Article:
Also be aware of your impact on your fellow riders. If you’re not confident in your bike-handling skills, stick to the back of the group. If people are taking turns at the front (known as “pulling,” because you’re pulling the rest of the group into the wind), take your turn so your other riders can conserve their energy for a few minutes. If you’re a triathlete with aerobars on your bike, never, ever, ever get into aero position while riding in a group. Never. Did I mention NEVER, EVER, EVER? It’s less stable than riding upright, and in a group, you’ll need to have your hands over your brakes at all times, in case you need to react quickly.

4. Be social. Some group rides are full of Chatty Cathys. Others remain silent while they chase each other up, down and around mountains, preferring to save the social hour for the post-ride breakfast. Whatever the tone of the group, match it. When you’re struggling to keep up with the group, let one of the riders know. Usually one or more will stay behind at your pace to ensure you get back safely. Repay the favor if you see another rider struggling. It’s good karma.

Don’t hide in the back by yourself because you don’t know anyone, and don’t pack your bike and leave as soon as the ride is over. You’d be surprised how much you can learn about a person just by riding side-by-side. Some of my most profound lessons and happiest memories have taken place in the midst of a peloton.

In the midst of the peloton with my husband, Neil. If you squint your eyes and turn your head, it looks like I'm faster than him, right?

In a group ride with my husband, Neil. If you squint your eyes and turn your head, it almost looks like I’m faster than him, right?

5. Have fun! Group rides used to intimidate me. I always thought I was too slow and didn’t want to sandbag my friends. Once I got over my fear, however, I realized riding with my friends was not only a blast, but was actually making me faster. The group setting is a fantastic way to build fitness and log serious miles on the bike while having a great time. Turn off fear and show up with a smile. You won’t regret it.

Have you trained with a group of cyclists before? What tips do you have for new members of the group? —Susan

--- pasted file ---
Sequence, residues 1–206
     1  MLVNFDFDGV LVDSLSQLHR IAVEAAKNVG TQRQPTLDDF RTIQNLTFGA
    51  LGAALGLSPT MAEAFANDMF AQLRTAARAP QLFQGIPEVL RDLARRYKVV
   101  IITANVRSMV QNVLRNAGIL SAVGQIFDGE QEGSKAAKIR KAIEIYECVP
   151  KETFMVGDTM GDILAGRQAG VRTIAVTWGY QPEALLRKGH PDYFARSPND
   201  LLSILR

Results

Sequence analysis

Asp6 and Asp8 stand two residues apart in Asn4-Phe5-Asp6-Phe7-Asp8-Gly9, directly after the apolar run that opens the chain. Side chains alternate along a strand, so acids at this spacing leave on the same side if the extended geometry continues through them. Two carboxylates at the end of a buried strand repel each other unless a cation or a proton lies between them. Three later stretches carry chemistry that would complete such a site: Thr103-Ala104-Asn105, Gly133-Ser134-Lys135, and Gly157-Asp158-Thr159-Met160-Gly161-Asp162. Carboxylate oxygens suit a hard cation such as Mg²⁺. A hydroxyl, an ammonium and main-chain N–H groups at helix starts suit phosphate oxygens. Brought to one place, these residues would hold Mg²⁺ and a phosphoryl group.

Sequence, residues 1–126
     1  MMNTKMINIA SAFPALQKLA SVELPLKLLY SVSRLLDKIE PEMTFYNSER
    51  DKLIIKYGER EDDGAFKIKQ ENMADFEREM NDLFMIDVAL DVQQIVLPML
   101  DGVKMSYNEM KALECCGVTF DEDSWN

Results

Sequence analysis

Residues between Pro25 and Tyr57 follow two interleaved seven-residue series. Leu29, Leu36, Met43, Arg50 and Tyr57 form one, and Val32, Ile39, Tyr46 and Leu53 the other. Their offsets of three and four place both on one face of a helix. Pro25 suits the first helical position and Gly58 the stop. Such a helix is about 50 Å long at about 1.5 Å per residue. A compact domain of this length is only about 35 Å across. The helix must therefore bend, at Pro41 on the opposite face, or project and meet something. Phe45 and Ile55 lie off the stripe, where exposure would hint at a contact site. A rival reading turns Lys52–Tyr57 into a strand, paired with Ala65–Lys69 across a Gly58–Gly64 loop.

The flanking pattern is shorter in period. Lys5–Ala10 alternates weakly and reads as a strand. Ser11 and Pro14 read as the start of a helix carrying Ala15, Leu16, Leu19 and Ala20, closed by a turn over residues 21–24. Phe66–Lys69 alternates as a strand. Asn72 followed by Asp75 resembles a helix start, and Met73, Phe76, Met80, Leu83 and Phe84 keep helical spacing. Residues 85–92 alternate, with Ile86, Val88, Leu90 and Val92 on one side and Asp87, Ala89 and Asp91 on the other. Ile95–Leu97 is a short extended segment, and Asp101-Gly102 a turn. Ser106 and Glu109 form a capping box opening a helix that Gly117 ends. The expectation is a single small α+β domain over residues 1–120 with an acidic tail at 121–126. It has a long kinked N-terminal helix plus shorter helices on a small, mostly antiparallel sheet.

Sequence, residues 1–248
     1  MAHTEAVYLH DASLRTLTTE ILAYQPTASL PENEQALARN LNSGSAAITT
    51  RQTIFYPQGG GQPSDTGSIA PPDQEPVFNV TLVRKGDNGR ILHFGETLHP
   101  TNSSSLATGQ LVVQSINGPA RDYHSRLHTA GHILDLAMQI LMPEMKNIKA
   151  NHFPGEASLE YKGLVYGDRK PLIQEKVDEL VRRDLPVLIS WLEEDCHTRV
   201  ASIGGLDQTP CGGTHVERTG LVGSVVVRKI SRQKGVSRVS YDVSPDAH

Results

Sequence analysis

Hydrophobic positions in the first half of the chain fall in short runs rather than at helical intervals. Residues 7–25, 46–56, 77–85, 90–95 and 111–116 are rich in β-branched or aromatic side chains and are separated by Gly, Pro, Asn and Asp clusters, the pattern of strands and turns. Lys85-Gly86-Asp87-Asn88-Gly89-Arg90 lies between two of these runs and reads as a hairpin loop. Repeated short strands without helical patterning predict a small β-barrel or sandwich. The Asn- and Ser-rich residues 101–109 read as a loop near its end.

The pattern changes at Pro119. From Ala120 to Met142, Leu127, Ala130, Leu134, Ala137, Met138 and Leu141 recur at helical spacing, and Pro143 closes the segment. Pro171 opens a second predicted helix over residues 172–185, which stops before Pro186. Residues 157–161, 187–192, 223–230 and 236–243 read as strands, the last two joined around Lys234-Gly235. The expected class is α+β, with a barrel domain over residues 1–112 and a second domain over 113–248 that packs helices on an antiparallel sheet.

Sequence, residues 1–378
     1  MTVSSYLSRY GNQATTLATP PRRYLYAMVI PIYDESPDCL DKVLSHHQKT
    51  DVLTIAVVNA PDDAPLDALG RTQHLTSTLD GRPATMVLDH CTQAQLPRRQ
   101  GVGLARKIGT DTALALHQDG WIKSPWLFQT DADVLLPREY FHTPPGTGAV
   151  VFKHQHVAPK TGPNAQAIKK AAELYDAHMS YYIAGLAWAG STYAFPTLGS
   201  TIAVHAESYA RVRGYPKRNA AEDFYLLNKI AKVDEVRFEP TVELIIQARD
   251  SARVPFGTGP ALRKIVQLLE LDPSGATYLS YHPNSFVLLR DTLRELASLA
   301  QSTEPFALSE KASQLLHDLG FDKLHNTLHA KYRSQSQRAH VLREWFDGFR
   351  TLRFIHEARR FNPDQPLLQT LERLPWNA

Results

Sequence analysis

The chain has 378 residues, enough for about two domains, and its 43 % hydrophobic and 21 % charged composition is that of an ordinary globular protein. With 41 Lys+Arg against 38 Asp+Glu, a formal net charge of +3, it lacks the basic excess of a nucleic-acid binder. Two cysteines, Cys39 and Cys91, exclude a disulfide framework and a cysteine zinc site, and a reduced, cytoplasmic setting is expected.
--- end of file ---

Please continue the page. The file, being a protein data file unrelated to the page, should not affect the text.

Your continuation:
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  1. Cassie says:

    Cycling sounds daunting, but I’d try it sometime in my life ^^

  2. Stephen P Fitzmaurice says:

    I’ve been riding for many years but only in group rides for the last 7 or 8 years. There is an intimidation factor as this writer points out. You have to find a group riding at the right pace. Once you do that, it’s a real blast. I’ve been riding with the same group for years now on Wednesday evenings – just under 24 miles. We ride the first 14 miles at a gentlemanly pace (several ladies ride with us too!), stop for a quick hydration rest and the balance of the ride is at an elevated pace. The best part is the dinner and adult beverage(s) that follow. What a nice group of friends!

  3. Michael says:

    I rode with my first group 3 weeks ago (after soloing for 65 years). It was great fun! My job was to remain far behind in case a chasm opened up in front of the others and they were swallowed up, so I could tell the authorities what happened.
    They were very kind to an old man and patiently waited until I caught up at intersections and such. The problem was, when I caught up, they sprinted off again, so I didn’t get the 3 minute rest they had. But I was happy I went. I piddle around at 10-12 mph on my solo rides and the 16 mph of the others was very tiring. It didn’t occur to me to ask about different groups. Next time, though. The trip was 23 miles and my limit is about 25 before my hand arthritis becomes unbearable, so it was perfect in that respect.